Being able to witness the past, present, and future of her world unfolding simultaneously gives Crisbell the power to affect change and often leads to her saving the day, but the most poignant moments in the game’s story so far have occured during moments when those powers are inaccessible. While Cris Tale’s narrative is wound around these fantastical time-twisting abilities, it shines when Crisbell learns that she can be a hero without magic. She isn’t special because of what she can do, but who she is as a person. That’s a message that gets me right in the feels.
Crisbell’s time powers affect Cris Tales’ battlefields as well. Enemies attack from both sides of the screen, and the young time mage has the ability to warp her enemies into the past or future depending on which side they appear. Enemies on the left can be warped into the past, becoming younger, often less-powerful versions of themselves. Enemies on the right can be sent into the future. Jumping forward often produces more powerful versions of baddies, but the way Crisbell and her friends combine their powers can turn ageing into a powerful weapon.
For example, fellow time mage and perpetual child Willhelm can summon plants that poison enemies every turn. If Willhelm poisons an enemy and then Crisbell sends them into the future, all of the poison hits in one massive, devastating burst. One of the game’s earliest boss battles requires begoggled warrior Christopher to cast his water spell on the massive iron shield protecting a pair of baddies. When Crisbell warps them into the future that shield is weakened by rust, allowing the party to cause damage.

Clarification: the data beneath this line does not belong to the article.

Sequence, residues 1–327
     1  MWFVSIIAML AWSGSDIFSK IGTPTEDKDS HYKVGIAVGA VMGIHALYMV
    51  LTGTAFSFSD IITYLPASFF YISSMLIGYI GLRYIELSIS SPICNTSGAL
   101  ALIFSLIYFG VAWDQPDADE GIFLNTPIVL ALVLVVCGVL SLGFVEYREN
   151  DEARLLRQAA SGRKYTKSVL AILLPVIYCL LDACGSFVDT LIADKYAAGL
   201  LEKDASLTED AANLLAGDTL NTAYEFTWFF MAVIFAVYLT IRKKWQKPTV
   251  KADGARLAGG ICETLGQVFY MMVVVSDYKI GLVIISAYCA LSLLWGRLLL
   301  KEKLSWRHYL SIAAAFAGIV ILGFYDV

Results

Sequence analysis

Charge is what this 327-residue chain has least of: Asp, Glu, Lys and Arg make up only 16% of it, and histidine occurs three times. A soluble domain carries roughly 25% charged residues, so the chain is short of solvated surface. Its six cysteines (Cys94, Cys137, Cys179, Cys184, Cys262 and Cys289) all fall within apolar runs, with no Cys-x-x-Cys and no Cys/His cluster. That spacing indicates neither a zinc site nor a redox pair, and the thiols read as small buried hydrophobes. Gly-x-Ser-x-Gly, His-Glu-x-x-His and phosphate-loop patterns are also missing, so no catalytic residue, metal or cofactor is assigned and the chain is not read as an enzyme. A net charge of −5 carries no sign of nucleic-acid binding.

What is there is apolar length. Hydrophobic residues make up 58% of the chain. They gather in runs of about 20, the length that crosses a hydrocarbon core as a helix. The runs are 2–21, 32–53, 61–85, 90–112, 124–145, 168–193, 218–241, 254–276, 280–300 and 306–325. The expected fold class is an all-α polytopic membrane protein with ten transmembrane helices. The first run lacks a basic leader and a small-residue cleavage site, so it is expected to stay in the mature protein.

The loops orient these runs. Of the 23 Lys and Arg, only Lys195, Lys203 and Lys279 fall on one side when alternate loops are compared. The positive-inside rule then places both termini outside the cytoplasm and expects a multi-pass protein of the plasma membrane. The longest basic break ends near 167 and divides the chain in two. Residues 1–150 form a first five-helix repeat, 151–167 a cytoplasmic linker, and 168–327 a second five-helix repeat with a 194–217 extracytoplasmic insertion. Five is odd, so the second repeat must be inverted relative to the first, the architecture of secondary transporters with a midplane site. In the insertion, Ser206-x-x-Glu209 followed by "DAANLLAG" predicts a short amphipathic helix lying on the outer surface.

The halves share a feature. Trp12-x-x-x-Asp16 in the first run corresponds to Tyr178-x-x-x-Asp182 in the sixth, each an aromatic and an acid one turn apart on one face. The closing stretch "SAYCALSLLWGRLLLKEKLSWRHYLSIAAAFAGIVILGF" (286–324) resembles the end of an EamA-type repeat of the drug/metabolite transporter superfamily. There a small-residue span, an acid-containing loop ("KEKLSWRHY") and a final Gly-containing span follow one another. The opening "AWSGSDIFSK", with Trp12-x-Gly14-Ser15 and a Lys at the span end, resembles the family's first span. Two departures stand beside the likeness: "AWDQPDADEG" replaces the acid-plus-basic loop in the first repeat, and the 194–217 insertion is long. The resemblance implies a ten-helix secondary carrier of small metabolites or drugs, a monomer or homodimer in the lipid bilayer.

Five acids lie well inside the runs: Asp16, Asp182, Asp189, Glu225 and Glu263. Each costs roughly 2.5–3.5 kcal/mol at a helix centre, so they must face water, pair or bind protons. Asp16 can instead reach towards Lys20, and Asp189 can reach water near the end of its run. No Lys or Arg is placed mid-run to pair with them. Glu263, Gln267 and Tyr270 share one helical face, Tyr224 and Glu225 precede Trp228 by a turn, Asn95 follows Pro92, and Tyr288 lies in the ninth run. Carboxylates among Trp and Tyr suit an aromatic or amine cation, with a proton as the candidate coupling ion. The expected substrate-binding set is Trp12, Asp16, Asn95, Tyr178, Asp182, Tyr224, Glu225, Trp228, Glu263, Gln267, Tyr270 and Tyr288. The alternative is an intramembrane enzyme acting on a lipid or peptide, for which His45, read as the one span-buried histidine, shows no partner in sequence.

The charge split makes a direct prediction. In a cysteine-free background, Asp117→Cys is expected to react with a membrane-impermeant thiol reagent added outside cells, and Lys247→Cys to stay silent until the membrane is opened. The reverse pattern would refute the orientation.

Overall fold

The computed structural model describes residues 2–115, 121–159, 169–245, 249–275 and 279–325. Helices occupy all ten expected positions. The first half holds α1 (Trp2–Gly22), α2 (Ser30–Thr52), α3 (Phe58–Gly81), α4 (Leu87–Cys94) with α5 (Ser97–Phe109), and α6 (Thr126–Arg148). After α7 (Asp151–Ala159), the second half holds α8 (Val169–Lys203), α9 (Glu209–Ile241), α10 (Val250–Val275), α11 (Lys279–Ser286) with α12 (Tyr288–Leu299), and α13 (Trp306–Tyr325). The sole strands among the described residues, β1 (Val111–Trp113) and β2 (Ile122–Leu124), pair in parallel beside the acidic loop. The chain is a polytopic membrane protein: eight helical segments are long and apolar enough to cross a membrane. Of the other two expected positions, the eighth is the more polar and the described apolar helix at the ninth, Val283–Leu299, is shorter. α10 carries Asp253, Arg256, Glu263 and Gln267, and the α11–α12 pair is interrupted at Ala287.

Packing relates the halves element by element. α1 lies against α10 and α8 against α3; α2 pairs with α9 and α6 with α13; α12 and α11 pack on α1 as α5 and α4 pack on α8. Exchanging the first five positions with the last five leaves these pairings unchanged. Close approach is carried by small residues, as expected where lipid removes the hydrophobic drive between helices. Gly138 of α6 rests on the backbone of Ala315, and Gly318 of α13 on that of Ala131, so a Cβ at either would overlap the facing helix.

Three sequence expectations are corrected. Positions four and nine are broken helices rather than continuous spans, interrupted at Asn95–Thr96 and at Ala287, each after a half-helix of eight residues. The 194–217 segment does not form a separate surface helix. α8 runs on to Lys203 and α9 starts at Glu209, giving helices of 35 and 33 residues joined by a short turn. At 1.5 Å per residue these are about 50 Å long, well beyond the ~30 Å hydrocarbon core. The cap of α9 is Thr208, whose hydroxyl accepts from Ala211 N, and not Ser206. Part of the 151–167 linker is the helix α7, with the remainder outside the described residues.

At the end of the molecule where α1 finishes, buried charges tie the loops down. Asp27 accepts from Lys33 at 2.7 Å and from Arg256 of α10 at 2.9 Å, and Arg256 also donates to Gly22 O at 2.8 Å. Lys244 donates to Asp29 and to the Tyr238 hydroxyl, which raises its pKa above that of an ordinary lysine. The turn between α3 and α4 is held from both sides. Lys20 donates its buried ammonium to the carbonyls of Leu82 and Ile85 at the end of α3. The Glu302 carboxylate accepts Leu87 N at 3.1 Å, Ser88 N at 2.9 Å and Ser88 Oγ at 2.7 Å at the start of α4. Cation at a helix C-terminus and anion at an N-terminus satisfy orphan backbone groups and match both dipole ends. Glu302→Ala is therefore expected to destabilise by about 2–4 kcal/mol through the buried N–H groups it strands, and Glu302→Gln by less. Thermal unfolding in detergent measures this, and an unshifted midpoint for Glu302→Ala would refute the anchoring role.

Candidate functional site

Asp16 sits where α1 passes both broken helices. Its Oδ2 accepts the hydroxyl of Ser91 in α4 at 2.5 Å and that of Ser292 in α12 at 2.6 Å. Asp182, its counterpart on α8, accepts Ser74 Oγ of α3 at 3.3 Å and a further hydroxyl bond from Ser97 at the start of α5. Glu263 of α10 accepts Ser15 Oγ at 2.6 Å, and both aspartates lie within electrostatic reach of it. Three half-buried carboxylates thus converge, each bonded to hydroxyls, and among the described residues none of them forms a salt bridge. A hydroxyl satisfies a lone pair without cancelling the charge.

This time-tossed combat system is brilliant, turning every battle into a little puzzle of sorts. Turn-based role-playing games have a tendency to devolve into button-mashing repetition as you level up and power up, but not Cris Tales. These battles make me think, and I appreciate that. Every new skill or spell earned by party members as they level up gives you an ingenious new way to screw with the bad guys. Each new enemy encountered has to be played with in the past, present, and future to figure out the most efficient way to dispatch them. And these mechanics are more than just neat extras. You need to use them effectively to get anywhere in Cris Tales. Otherwise this cute little game will kick your cute little arse.
One of the great joys of gaming is getting to share in the experiences of other cultures.
While Cris Tales is a love letter to Japanese RPGs. It’s also a love letter to Colombia, home country of development studios Dreams Uncorporated and Syck. Its hand-drawn 2D visuals are based on real natural and man-made landmarks in the South American country. Even the name, Cris Tales, is a play on Caño Cristales, a Colombian river known for its unique coloration. Going into the game armed with this knowledge gives me a newfound appreciation for the country so often portrayed in U.S. media as the bad place where the drugs come from.
At around 10 hours into what the developers tell me is a 30 to 40 hour adventure, Cris Tales continues to charm and challenge me in equal measure. Around every corner there’s a reason to reach for the screenshot button. At the end of every battle I find myself wondering if I could have timed (get it?!) my attacks better. It’s a treat for my eyes and my mind, and I can’t wait to see where it takes me next.